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most common mixing file format

As a new music producer you will have quite a learning curve to understand all the new compositional tools and audio processing that is available to you including, audio recording, sequencing MIDI and soft synths, mix balancing, equalization, dynamic control etc. so mastering may not be at the forefront of your mind. This is understandable as initially your music productions may not warrant professional mastering until you have honed your production and mixing skills further and are creating good quality well balanced mixes.

However I believe it is worth knowing some of the fundamental principles of audio mastering so when the time comes you are well prepared from the outset.

What is the process of audio mastering ?

Mastering is the final music production process, within the confines of a very accurate studio environment (acoustically and in terms of reference grade, full spectrum high resolution monitoring) it’s goals are sonic corrections though use of equalizers and dynamic control, enhancements, volume balancing, decision making relative to perceived volume, sequencing and spacing of tracks, final quality control (click removal etc) and creation of distribution file formats and media. (such as DDP and CD-R or compressed files) During mastering the engineer can also enter important identification codes such as EAN/UPC bar codes and ISRC codes.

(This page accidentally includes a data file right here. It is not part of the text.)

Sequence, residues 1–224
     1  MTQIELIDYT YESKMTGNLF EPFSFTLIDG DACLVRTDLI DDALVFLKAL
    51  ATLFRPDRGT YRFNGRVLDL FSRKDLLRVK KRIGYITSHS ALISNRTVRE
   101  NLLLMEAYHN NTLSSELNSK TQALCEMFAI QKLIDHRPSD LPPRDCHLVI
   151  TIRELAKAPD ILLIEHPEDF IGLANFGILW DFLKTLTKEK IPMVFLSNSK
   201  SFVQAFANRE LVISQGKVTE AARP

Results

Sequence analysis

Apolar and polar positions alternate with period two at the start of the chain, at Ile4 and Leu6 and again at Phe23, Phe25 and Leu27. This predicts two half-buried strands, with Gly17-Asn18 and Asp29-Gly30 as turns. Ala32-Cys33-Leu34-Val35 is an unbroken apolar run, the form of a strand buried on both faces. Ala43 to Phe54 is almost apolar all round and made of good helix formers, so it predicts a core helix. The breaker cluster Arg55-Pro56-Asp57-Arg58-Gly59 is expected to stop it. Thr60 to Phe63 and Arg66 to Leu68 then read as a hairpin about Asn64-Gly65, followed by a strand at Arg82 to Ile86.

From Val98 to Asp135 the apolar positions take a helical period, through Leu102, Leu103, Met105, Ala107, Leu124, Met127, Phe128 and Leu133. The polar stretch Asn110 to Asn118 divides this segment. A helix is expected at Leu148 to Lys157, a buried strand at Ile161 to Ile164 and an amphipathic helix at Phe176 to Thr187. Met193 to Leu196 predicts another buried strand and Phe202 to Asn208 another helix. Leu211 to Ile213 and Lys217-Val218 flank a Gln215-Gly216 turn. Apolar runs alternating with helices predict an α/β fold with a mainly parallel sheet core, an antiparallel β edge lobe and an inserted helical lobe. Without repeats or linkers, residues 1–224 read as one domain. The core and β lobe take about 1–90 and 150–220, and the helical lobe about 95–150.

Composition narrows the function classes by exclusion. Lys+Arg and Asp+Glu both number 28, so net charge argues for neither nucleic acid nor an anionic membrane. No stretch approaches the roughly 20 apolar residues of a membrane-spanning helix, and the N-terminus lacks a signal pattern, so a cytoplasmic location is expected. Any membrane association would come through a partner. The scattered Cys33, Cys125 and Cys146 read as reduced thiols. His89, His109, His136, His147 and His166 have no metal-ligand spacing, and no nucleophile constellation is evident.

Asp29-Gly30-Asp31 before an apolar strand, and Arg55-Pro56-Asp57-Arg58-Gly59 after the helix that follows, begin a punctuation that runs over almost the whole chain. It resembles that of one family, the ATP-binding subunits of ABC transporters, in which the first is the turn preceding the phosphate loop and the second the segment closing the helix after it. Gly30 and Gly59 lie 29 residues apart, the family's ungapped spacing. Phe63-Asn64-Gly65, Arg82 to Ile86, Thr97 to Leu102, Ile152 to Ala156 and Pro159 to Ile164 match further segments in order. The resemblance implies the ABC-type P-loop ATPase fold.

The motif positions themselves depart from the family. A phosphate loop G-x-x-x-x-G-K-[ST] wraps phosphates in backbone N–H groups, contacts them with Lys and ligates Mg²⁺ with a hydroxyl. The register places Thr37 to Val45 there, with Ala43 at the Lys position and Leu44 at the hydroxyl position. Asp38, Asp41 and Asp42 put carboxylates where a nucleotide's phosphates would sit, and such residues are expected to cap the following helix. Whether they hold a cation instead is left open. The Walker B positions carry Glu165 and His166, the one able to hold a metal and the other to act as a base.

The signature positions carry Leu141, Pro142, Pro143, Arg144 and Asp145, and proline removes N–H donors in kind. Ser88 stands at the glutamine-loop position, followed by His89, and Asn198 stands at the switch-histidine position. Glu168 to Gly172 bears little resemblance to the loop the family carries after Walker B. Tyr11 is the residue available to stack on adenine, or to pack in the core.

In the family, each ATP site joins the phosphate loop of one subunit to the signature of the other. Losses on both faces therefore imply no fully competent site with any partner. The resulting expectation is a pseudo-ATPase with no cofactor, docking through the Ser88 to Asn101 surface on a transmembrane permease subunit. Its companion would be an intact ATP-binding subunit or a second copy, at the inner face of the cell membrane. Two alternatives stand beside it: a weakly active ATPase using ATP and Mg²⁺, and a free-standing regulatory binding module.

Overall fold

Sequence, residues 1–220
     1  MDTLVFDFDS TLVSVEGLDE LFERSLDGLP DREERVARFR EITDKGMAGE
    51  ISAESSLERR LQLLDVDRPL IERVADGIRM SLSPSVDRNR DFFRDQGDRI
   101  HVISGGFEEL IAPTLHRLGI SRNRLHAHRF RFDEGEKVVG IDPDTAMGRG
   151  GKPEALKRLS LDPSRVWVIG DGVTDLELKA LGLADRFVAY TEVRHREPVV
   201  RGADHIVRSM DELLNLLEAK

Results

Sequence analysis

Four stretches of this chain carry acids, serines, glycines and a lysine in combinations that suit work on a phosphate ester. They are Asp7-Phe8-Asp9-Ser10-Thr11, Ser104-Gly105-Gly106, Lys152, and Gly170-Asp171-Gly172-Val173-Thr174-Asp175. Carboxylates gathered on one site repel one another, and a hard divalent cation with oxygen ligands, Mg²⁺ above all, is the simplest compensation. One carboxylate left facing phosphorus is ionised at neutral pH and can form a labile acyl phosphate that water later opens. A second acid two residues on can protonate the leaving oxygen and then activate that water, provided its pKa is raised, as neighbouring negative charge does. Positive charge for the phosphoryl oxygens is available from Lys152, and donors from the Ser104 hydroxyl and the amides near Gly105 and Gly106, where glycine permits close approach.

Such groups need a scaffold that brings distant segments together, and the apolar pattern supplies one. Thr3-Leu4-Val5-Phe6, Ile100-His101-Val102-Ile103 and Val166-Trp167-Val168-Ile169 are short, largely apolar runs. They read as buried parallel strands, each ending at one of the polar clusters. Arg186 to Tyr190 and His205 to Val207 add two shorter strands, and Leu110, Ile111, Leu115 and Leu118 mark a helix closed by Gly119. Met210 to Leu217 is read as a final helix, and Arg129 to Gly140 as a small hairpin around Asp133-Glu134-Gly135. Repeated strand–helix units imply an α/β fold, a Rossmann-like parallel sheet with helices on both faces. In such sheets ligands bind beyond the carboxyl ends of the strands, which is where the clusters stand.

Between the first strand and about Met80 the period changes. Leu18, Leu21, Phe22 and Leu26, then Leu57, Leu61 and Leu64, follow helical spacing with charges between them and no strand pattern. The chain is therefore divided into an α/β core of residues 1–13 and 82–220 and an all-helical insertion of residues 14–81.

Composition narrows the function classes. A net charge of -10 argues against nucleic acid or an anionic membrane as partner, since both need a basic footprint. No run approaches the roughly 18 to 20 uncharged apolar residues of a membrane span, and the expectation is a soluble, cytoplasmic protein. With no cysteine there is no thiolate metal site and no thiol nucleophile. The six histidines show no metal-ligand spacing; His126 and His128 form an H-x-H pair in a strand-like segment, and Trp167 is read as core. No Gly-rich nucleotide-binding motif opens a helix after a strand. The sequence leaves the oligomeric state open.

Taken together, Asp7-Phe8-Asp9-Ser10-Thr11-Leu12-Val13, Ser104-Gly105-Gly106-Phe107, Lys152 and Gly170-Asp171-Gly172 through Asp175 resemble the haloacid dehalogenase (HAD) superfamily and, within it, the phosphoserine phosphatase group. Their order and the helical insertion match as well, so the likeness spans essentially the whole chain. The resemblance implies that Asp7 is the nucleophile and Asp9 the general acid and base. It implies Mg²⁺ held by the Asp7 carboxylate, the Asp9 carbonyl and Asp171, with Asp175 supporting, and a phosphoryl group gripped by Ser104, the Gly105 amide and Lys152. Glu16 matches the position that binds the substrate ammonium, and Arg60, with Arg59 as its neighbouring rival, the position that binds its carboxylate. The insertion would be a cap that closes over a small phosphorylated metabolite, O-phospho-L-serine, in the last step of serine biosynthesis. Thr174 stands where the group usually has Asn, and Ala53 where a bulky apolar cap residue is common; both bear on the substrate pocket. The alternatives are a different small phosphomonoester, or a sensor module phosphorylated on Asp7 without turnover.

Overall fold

During mastering it is normal to work with the format of a stereo 2 track mix. Normally a mastering engineer will not want all of your multi-track files and your mix session file.

As an additional service some mastering studios include mix appraisal/advice within their pricing. This can be a valuable inclusive service to new music producers.

Most common mix down file format for mastering

Important : Mastering uses the stereo 2 track stereo interleaved file format.

The most common mix file format required for mastering would be the stereo interleaved 24 bit .wav or .aiff file. These files are created once you have mixed down your music. All digital audio workstations (DAW) will allow a mix down to be exported or bounced out. The most common mix down file would be at 24 bit resolution, a stereo interleaved file means that a single uncompressed file is created with both left and right channel information embedded. You can choose .wav or .aiff files. (Historically .wav file is the PC version and aiff stands for audio interchange file format as created by Apple) They are to all intents and purposes identical. To some degree .wav file has become the industry standard.

You may see options for 16bit and 32 bit floating point in your options list. 16 bit audio should currently be avoided as it is compromised. 16 bit audio has only a theoretical dynamic range of 96dB and 24 bit 144dB. 24 bit is superior and allows you to record audio signals with some additional headroom without any digital audio compromises. 32 bit files are unnecessary large and provide dynamic range which is excessive for the needs of music making. 32 bit files are however used internally within a DAW for complex mathematical processes. 32 bit files increase accuracy of this maths and reduce accumulative errors. Your DAW will already be taking care of this internally.

With regards to sample rates, export the mix down file at the same sample rate of your DAW project or session. Mastering engineers have excellent tools for sample rate conversion and this is best left for them to process if necessary. So if you started at 48 kHz bounce out at that very same rate.